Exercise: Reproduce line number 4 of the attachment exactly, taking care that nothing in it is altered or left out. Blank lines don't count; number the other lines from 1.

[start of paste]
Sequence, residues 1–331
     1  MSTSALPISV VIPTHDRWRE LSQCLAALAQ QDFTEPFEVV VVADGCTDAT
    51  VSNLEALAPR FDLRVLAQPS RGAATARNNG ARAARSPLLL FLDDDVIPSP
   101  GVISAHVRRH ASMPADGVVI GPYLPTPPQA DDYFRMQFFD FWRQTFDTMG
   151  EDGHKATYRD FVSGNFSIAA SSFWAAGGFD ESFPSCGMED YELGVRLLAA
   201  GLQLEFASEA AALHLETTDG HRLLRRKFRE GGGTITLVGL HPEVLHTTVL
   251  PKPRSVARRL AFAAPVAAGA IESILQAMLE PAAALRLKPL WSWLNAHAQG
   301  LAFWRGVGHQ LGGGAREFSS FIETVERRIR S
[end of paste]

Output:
   101  GVISAHVRRH ASMPADGVVI GPYLPTPPQA DDYFRMQFFD FWRQTFDTMG